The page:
Living in Egypt
Published 7:44 pm Tuesday, July 27, 2010
I’ve never thought of myself as an Egyptian, but I must be living in the land of the Pharoahs. Here’s why: “Then the Lord said to Moses, “Stretch out your staff and strike the dust of the ground, and throughout the land of Egypt the dust will become gnats.” I think I’m living in Egypt because there is plenty of dust and plenty of gnats.
It’s so dry around my house that the fire hydrant that used to be across the street has walked over to my side, so it can be closer to Little Bit’s morning excursions. The bushes around my house have started putting up signs, “We Appreciate Doggies!” I do believe if Noah’s flood were to come again, it would be an isolated thundershower and we’d get a quarter of an inch at the most.
It’s so dry, I drove down to the river just to see some water and saw two people fishing from lawn chairs and using slingshots. The catfish were carrying canteens. I heard a rumor that the government was considering a water pistol buyback program.
Email newsletter signup
And the gnats. Every year, someone says that they are worse than ever. Well, this year they may be right. I even swallowed one in church the other day as I was singing. I think it helped my pitch. Of course, the one that flew up my nose made me sneeze. And the one that got stuck in my eye caused me to blink and rub.
Let’s see. In the mouth, the nose, and the eyes. They’re everywhere, but it’s when they go into my ear that drives me crazy. As I am walking the dog or just walking myself, I can swing my arms to keep them away from the front of my face, but when they get lodged in my ears and start all their buzzing, that’s a little too much. I try to stick my fingers in my ear and dig them out. All I do seems to push them in deeper.
As we see in the Bible, gnats have been around for a long time. Aesop wrote a fable about gnats, but I don’t think his fable shows too much knowledge about them. In fact, I wonder if he knew what he was writing about.
It seems that a gnat landed on the horns of a huge bull. The gnat thought quite a bit about itself and even thought that it should apologize for bothering the bull. The gnat said, “Pardon me, Mr. Bull, if I have bothered you by my weight as I have landed on your horns. I offer you a thousand apologies and wouldn’t want you to think that I don’t care about your solitude and comfort.”
The bull replied, “Little gnat, thank you for the grandiose apology you felt such a great need to share. But you think too highly of yourself. I hardly noticed you were there.”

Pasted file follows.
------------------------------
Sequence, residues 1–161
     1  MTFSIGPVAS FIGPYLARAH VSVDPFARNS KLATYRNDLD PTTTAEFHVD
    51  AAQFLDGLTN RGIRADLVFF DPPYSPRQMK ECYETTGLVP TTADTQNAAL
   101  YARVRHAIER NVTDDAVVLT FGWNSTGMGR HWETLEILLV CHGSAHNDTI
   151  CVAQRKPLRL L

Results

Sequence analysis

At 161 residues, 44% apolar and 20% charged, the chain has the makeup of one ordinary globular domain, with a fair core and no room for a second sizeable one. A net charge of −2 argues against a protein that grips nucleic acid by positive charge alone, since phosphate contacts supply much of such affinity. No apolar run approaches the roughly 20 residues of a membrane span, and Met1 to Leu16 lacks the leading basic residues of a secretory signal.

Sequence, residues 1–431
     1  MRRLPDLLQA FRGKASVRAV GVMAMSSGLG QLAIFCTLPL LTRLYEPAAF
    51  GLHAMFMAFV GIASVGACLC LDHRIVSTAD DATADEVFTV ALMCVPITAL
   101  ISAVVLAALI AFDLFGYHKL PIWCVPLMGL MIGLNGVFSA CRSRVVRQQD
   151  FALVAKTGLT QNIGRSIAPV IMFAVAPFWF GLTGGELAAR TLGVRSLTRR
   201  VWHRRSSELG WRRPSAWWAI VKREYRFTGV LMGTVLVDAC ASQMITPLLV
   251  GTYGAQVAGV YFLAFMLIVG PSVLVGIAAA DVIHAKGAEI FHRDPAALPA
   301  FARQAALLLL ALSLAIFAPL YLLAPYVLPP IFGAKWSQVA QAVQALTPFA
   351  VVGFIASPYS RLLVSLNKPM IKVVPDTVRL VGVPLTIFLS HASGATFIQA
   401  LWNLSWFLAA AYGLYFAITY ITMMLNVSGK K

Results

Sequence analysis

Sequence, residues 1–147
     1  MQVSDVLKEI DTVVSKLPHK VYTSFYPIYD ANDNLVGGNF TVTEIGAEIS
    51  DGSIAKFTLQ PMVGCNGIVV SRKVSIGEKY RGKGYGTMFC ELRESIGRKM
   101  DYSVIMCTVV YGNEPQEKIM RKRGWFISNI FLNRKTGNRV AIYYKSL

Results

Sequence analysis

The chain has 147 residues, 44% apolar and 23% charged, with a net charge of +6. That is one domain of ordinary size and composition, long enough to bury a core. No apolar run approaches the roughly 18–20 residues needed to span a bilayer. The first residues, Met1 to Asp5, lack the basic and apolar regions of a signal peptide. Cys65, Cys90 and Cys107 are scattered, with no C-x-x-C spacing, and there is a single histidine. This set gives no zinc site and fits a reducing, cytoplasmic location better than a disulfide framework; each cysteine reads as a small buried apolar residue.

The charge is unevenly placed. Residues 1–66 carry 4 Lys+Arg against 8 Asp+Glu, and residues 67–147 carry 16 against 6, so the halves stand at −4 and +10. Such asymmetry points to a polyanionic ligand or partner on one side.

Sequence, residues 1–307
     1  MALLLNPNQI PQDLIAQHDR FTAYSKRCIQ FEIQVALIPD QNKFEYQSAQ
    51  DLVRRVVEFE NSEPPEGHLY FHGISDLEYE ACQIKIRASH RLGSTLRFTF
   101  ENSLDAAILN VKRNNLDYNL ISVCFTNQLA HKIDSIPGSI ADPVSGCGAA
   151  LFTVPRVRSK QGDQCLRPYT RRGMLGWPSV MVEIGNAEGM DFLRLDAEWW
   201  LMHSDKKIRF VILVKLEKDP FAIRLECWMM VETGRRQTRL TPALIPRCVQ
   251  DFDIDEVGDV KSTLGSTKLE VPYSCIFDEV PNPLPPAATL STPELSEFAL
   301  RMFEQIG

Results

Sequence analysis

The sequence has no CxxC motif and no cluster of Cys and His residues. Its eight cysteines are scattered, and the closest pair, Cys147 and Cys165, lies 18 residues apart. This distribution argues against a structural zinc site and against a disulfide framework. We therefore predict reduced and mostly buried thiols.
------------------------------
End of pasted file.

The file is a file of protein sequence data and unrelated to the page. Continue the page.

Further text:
Those of us in Southwest Georgia who fight the gnats everyday can’t imagine Aesop thinking that the gnat is hardly noticed. They are pests of the greatest degree and I wish that all portions of the United States would have to endure them. There is the old saying, “I wouldn’t wish that on my worst enemy,” but, yes, I would.
Can you imagine how much money would be spent on the gnat problem if Washington, D.C., had them as bad as we do? Actually, I couldn’t imagine that much money, but of course, I can’t imagine the amount the money the politicians in Washington are already spending.
The late, great Lewis Grizzard wrote about gnats. “Gnats are the cause of a number of deaths in South Georgia each year. Some of these deaths are attributed to swallowing a large number of gnats while talking or eating. Some also think that the reason a lot of South Georgians disappear and are never heard of again is they are carried off by giant swarms of gnats and drowned in the Okefenokee Swamp.”
I would respectfully disagree with Mr. Grizzard because no one has swallowed more gnats than I have and I’m still living and swinging hard at the varmints. By the way, does anyone have any idea of just how many gnats it takes to make a gram of protein?
Another thing I hear a lot about, but don’t know the exact location of, is the gnat line. Is it mythological or is it a real line? And, if it is real, where is it?
The most popular line of thought regarding the Gnat Line has it beginning in Augusta and running across the state of Georgia through Macon and on to Columbus. There was another suggestion that the line could also be called the Y’all Line, inferring to that wonderful word that Southerners invented by combining “you” and “all.”
I guess when all is said and done, when every detail of the insect is discussed down to the gnat’s eyebrow, I’ll say that wherever the Gnat Line is, I’m glad to live below it rather than above it. For all of its aggravation, and there’s plenty of it, I’ll endure them if I don’t have to live in Atlanta.
I did read one thing, though, that I can discount. One person, when asked as to where the gnats may swarm the most, said, “They like wet environments the most.”
I beg to differ, as they say. It’s hot and dry here on Loblolly Lane and I don’t believe the gnats could enjoy themselves any better.